A merchant cash advance is a form of financing that allows you to use your current sales volume to borrow money from a lender. Unlike traditional loans with defined term lengths, this gives you access to funds on an as-needed basis. A merchant cash advance is a type of business funding provided by a capital provider. This type of cash advance allows you to borrow money against your future receivables and is ideal for small businesses that use credit card processing.
Wisco Capital allows businesses to get approved for advances over and over. This means you can get a small cash advance now to pay your employees, and multiple advances in the future to fund projects, inventory, invoices and more.
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Date Updated: 2022-03-17T09:00:00-07:00
Merchant cash advances are popular for starting or growing your business. The truth is, many businesses today are low on cash. In fact, about 80% of businesses rely on some form of credit.
If your business does not qualify for a traditional loan due to a short business history or low business credit score, a Merchant Cash Advance (MCA) might be the right solution for you. We’ll go over how they work, repayment structures, pros and cons, and your best options to help move your business forward.
Note : To qualify for a merchant cash advance, your business must be generating at least $10,000 per month in sales. If your business does not yet generate sales, an MCA will not be available to you.
Merchant service providers collect their advances through a percentage of your business's sales or receivables, also known as a holdback. This typically means there are no set repayment dates, as your payments come out of each transaction and depend on the cash flow of your business. However, most cash advance providers expect repayment within 18 months. Your future revenue is securitizing your advance. If you're in need of funding quickly and know you'll be making sales to repay the advance in the future, a merchant cash advance is a great option.
When it comes to merchant cash advances, a holdback is the actual dollar amount of daily sales your lender applies to your advance. This dollar amount is a percentage you agree upon when you set your initial terms. This means the more sales you collect, the faster you will repay your advance.
Holdbacks are the actual dollar figures/sums of money taken out of your sales that are used to repay your advance. An interest rate, on the other hand, is the agreed upon cost of your borrowed capital, calculated as a percentage.
Although these are the most common reasons a business owner might choose to get a merchant cash advance, there are numerous other factors.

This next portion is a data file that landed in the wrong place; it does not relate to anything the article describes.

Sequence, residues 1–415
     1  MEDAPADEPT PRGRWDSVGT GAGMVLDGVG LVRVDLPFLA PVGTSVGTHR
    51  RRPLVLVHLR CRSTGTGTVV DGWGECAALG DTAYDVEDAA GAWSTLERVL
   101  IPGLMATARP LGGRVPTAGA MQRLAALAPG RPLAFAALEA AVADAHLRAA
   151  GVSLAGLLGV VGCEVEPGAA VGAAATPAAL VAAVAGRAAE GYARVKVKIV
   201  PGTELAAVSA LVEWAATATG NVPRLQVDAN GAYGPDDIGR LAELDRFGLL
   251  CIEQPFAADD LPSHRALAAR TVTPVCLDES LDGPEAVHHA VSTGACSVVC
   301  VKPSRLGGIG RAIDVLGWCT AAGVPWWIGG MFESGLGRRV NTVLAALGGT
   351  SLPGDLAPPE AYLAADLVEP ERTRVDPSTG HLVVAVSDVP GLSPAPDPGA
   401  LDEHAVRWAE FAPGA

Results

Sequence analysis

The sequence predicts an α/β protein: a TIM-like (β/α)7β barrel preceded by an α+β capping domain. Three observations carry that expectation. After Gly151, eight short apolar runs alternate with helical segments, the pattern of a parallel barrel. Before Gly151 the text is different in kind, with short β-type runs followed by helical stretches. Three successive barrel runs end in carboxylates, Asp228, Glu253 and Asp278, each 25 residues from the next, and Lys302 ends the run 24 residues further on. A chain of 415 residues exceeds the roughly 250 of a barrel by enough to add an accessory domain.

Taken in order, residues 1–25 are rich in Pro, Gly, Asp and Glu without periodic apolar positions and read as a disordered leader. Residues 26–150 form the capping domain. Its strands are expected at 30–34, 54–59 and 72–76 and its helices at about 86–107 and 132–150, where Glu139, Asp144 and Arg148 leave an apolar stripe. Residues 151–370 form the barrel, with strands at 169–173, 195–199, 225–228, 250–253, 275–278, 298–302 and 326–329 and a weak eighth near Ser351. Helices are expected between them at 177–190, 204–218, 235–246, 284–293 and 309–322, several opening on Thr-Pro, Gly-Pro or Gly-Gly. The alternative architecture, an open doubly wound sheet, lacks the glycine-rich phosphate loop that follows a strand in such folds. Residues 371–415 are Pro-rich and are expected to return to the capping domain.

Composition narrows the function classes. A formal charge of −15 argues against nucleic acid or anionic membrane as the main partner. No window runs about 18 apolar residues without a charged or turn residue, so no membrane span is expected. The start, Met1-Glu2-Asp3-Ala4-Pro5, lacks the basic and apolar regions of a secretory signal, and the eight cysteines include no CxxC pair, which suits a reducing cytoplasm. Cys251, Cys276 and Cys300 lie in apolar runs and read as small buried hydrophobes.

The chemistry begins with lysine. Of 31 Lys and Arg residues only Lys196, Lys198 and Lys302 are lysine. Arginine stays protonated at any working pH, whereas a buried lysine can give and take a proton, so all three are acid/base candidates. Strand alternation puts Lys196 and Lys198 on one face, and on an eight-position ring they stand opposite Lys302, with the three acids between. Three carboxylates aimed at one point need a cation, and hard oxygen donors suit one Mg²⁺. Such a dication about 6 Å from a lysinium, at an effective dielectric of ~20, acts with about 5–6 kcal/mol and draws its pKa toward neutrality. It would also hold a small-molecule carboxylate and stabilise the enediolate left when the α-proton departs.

A merchant cash advance is issued when your sales volume is $10,000 or higher, and you have at least 6 months of consistent sales history.
These advances can be awarded to businesses with merchant accounts, though a merchant account is not required to receive an MCA. It is more common for businesses to pay back their MCA through daily or weekly ACH deposits. Most merchant service providers should be able to integrate with your lender.
Note : Revenue and average daily balances, along with any outstanding business debt will also factor into the qualification process.
In the event you default on a merchant cash advance, your lender can go after your bank account, impose judgements on your other merchant account funds, or even seize your additional assets. Although this may sound scary, cash advance lenders are not as black and white as big institutional banks.
That means they are willing to work with you to come up with payment plans that are more affordable (lower interest rates, extended terms). Since they have the autonomy to make these decisions it's prudent to maintain constant communication with your lender should you find yourself in a situation where repayment becomes difficult. That is why it is important to keep close tabs on all cash advances and make sure you have enough financial resources and a solid repayment plan.
Note : Depending on your financial situation, some MCA lenders will also require a personal guarantee for a merchant cash advance.
Unlike traditional business loans, merchant cash advances do not have a set term length. While this may depend on your lender, typically these cash advances are based on revenue. Therefore, setting established payments and end dates is not feasible. In fact, the whole process depends upon the number of sales your business processes, i.e. every transaction that goes through your credit card processor.
To calculate your cash advance fee , multiply the “factor rate” (also known as a “buy rate”) by the agreed-upon amount borrowed. Fee rates vary depending on providers and agreements.There may be additional fees such as processing and closing fees. As previously stated, loans are usually repaid in fixed installments, while merchant cash advances are repaid with a percentage of your daily credit and debit card sales. In fact, these fees are not that different from the credit card processing fees you're used to.
Two of the most important factors pertaining to merchant cash advances are your revenue and average daily balance. Just like other types of loans, providers base their approval terms on risk. Essentially the lower the likelihood of repayments, the higher the associated risk and in turn the higher the factor rate.
Other factors include, but are not limited to:
It comes as no surprise that MCA providers charge higher rates for merchant cash advances compared to traditional loans since they offer flexible repayment terms, lenient qualifications, faster approvals, shorter repayment periods, and much less documentation.
Repayments automatically come out of your merchant account as they are debited from each transaction. This happens daily or weekly, depending upon the agreement with your lender. Your provider may have a repayment structure already in place, but there could be room to negotiate. Although repayment structures vary between lenders, below are the most popular:
Split payments processing is the easiest repayment structure because it automatically deducts from your credit card sales. Every time your business makes a sale, you and your lender receive a portion of the profits. This simplifies your cash flow projections as you eliminate the hassle of watching your business gain and lose a percentage of profits throughout the day.